Author Topic: Welding off the Lister  (Read 646 times)

dieselspanner

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Re: Welding off the Lister
« Reply #15 on: August 12, 2022, 09:08:04 AM »
Hi All

Bruce,
Thanks for that, I can see that it's not a way to go if you were trying to build a welder / generator on the cheap, I was more taken with the fact I have the Lister and several alternators to hand, in fact the only parts I'd need to buy would be the drive belt and the rheostat.

The Lister would be spinning the Stamford, to provide 220v for a 12v source for the rheostat, but if the maths don't stack up I guess that's that, and as you know doing the sums is a black art to me!

Looking at an online HP to Watts converter it seems that it would require 3 HP at 24v to be in the ball park, is it feasible to get that much from a car / truck alternator?

Mike.

We've gone well past the realms of my modest means, here's my daily driver.....


Bob,

Thanks for the offer, it would probably be easier to come and pick an old genny up from Taz than get one imported to France!

Cheers
Stef


Tighten 'til it strips, weld nut to chassis, peen stud, adjust with angle grinder.

BruceM

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Re: Welding off the Lister
« Reply #16 on: August 12, 2022, 03:22:44 PM »
There are some articles written by more technically competent folks on converting an alternator to a welder. 

It seems that the built in diodes are often rated for only 32V, and will fry if used for the welder, which will peak over this voltage both directly and as a result of inductive kickback when the arc is broken.  Thus the need for replacing the diodes either in the existing fan cooled plate design or externally.

The usual application for an alternator type DC welder is for emergency (typically off road)  field welding as the duty cycle can be quite low and the weld quality expectations are equally low.  Clearly, you can't expect to sustain the welding power you need for regular work from an auto alternator but for emergency use it makes sense as the weight and size of adding an extra alternator to the off road vehicle is better than the other options.

You can beat this performance with your existing CS and welder set for low power, I think.  A friend ran his small gasless MIG welder on my Listeroid 6/1 without a problems; he welded  the thin wall steel tubing for my solar racks.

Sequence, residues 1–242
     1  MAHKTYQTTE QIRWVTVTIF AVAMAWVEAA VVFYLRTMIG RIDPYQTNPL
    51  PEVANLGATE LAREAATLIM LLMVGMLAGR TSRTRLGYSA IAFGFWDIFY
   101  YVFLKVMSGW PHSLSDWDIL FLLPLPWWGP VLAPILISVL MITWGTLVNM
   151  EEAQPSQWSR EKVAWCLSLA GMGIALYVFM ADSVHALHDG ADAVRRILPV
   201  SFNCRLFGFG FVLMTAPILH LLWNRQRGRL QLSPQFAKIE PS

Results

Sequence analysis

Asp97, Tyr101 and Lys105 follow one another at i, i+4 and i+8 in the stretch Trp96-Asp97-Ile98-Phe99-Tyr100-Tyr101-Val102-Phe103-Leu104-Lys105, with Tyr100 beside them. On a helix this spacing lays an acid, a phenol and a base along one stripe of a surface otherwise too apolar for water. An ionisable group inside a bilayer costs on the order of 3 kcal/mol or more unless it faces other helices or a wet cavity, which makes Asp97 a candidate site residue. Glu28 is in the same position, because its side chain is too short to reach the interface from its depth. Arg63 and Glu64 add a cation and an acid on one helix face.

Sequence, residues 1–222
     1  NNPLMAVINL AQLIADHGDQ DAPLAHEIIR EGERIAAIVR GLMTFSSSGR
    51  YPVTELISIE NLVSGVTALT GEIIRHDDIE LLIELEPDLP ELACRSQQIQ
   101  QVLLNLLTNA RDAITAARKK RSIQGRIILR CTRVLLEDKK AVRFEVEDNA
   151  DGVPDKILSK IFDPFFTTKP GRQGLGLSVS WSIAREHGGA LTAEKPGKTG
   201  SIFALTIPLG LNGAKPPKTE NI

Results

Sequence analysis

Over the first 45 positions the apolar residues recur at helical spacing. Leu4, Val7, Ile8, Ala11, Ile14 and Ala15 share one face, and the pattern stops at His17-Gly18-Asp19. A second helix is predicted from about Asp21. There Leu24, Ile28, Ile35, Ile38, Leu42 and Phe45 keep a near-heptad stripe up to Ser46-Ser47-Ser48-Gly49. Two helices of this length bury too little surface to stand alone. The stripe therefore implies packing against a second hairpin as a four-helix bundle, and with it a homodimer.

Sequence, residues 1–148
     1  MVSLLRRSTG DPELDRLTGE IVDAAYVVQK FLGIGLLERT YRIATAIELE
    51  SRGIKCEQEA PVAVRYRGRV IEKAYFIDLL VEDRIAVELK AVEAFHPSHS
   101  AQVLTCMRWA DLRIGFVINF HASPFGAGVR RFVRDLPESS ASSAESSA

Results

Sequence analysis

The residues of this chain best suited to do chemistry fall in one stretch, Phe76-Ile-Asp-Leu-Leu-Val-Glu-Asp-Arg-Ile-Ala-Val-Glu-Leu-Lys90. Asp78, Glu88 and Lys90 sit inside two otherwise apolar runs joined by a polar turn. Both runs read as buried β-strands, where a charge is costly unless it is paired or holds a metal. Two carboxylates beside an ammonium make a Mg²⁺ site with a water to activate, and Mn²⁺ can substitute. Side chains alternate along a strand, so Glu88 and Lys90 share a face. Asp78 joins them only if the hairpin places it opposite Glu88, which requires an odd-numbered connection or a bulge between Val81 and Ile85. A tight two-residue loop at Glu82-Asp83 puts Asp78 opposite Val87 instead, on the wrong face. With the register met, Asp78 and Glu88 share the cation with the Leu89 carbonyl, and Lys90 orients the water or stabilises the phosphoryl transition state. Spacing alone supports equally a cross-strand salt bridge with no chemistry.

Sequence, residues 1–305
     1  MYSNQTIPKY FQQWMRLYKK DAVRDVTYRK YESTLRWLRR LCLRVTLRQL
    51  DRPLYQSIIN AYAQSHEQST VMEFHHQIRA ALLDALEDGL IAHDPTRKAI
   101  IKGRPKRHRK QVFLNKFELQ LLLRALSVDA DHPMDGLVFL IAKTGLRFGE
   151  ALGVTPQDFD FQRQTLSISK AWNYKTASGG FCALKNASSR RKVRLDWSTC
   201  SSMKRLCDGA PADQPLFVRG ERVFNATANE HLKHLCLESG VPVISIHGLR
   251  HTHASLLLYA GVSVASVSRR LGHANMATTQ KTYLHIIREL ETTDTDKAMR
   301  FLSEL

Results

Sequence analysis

mikenash

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Re: Welding off the Lister
« Reply #17 on: August 13, 2022, 07:08:40 AM »
Hi Stef and everyone else. After the fires and more recent floods in Northern New South Wales, I fixed dozens of petrol generators that were donated by the public to aid with the recovery efforts. Most of them had done little or no work. None of them would start. Mostly this was due to them being stored full of fuel that evaporated leaving them full of red/brown sludge that clogged the carburetors and float valves. Some of them had obviously had E10 fuel in them which absorbs moisture from the environment causing corrosion.
Very simple to fix: Flush fuel tank, strip and clean carby, check air filter for spiders/ants, check/adjust tappet clearance, clean sparkplug.
A lot of these Honda/Chonda engines have a low oil level cut off switch so check oil condition/level. After that they should fire up after a couple of pulls.
I still have half a dozen such generators and water pumps that I haven`t got around to fixing yet, I would send you one but I suspect the shipping costs would be prohibitive.
Taz is looking good, My new shed has been ordered and is being delivered at the end of the month. The ground workers and concreters are starting work next week. I will post pics and info once they start.

Exciting times  :)
Bob

+1 on that

Couldn't tell you how many generators I have bought for a quarter of heir original purchase price "Used once or twice.  Sat in the shed.  Now won't start"  Nine times out of ten it's just old gas.  So:

If you have bought a generator as an emergency backup supply - it's going to be nothing more than an expensive, petrol-smelling tin box if it won't start when needed.  rules are simple:

Keep the tank full of good-quality clean gas

Put fuel-stabiliser "Stabil" or similar in the tank

Give it a good run once a month